By avoiding those motivations for our political actions (and the specifics of our present contest), and embracing the intention at the soul of our system, we should vote for what we truly believe in our hearts, regardless whether those principles are supported by a giant political party, a smaller one, or only by the write-in line on your ballot or the box marked "none of the above." For a person on a spiritual path, of course these principles include equality, integrity, ecology, compassion, tolerance, willingness, short, where there is Love. Let your unencumbered heart guide you.

In our specific system at present there's a peculiar conflation of misunderstandings at work beneath many of the policy justifications coming out of the  "Bad Cop" side of our political system. One is that Darwinism is not really the survival of "the fittest," but instead the survival of the most cooperatively adaptable. The "winners" in that skewed system are limited in their ability to act responsibly by what defines them. Capitalism (especially in a corrupted form) works very well for the institutions of finance, but ultimately not so well for the heart of humanity. We can do better.

That could serve as a general guidepost for cast-ing your ballot – which candidate's policy benefits money, and which benefits people? Or put more simply in a spiritual sense, who's true intention is to benefit the health of the planet, to com-passionately address the needs of the greatest num-ber of people?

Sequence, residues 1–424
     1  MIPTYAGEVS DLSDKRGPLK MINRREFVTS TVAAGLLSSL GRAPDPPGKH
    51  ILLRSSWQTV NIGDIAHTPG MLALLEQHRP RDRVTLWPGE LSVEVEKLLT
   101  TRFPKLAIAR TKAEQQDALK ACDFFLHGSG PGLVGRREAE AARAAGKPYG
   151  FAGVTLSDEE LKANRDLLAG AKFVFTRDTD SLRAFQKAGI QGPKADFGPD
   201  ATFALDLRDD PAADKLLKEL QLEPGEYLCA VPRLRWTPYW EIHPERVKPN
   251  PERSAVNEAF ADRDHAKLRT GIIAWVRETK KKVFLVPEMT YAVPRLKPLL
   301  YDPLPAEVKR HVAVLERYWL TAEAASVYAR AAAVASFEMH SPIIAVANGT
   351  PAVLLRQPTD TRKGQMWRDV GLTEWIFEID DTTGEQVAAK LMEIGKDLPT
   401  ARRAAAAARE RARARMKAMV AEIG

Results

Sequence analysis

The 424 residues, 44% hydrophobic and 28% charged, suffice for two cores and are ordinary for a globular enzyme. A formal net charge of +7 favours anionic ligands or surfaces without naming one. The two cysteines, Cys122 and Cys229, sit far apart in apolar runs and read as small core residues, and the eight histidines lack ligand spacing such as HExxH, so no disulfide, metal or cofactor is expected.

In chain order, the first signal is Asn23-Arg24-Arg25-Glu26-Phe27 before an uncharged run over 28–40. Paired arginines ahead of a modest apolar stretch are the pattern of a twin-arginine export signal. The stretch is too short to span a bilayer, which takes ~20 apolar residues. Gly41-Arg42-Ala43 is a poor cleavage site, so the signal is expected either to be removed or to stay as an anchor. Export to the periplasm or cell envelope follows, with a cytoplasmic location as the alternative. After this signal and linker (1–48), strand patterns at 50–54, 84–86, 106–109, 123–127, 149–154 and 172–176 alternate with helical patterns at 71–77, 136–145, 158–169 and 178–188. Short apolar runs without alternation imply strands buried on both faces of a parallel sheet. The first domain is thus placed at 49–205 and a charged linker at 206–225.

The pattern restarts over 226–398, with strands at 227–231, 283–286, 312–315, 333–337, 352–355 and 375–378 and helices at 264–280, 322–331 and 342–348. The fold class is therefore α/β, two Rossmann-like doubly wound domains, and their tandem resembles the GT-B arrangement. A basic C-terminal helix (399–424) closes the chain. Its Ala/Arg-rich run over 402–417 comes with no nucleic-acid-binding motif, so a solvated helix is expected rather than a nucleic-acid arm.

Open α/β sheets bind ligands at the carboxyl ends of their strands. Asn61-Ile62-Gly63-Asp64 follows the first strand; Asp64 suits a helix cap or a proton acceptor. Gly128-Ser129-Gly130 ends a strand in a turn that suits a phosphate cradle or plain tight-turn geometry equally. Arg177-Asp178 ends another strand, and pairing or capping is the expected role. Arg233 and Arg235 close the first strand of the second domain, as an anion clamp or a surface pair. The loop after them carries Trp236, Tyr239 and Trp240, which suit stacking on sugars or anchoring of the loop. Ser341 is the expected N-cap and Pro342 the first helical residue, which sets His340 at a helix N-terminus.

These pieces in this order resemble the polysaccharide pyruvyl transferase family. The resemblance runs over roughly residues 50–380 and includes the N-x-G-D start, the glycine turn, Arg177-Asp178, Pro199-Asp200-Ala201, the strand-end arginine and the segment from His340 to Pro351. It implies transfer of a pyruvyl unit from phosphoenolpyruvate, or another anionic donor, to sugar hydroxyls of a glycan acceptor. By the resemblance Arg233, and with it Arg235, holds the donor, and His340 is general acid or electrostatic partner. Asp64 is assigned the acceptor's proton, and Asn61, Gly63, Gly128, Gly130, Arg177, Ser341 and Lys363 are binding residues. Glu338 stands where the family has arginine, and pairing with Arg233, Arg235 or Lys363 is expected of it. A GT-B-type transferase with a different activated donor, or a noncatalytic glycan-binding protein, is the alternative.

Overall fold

Another prevalent mis-understanding is that the underlying logic of philoso-phers like Adam Smith or Ayn Rand is at all sane, given their bases upon presumptions of the ego's self-interest – inarguably the cause of the most destructive insanity at work in our planet's past or present. A more likely possibility is that both of them were deeply spiritually damaged. Not sane.

 For example, Ayn Rand's rejection of altruism in favor of "individual responsibility" simply makes spiritual evolution impossible. There are just too many people that can't cut that particular mustard, and (in my opinion) you simply can't find a spiritual solution while lacking as absolute a sense of compassion as you can possibly manage. Stand back from the planet with a little sakshi, and you can see we are clearly all responsible for one another. After all, we were all originally "communists" our communal, tribal origins indicate that the whole takes care of everyone in a manner that doesn't reward any member so much that they feel separate from the rest.
When you observe Ms. Rand with sakshi, you see a deeply damaged person, not someone whose philosophy you should base your life decisions on. In a clip from Anthony Baxter's excellent new documentary, You've Been Trumped, Donald Trump's reply to the members of a local Scottish town board when they wanted to know where he got his facts about the ecological and cultural impact of his proposed development on their ancestor's unspoiled lands was: "I AM all the facts you need." That is the pathological disease of human ego, and a pretty decent definition of evil as well. 

In answer to the question: Can things change in the direction of what is better for the planet, and the most people? The "fact" of our current president may actually be all "the facts you need." If you feel limited to picking either the "Good Cop" or the "Bad Cop," I hope that helps your decision.

"It's the metaphysical impulse to transcend the illusion of separateness..."
Joseph Campbell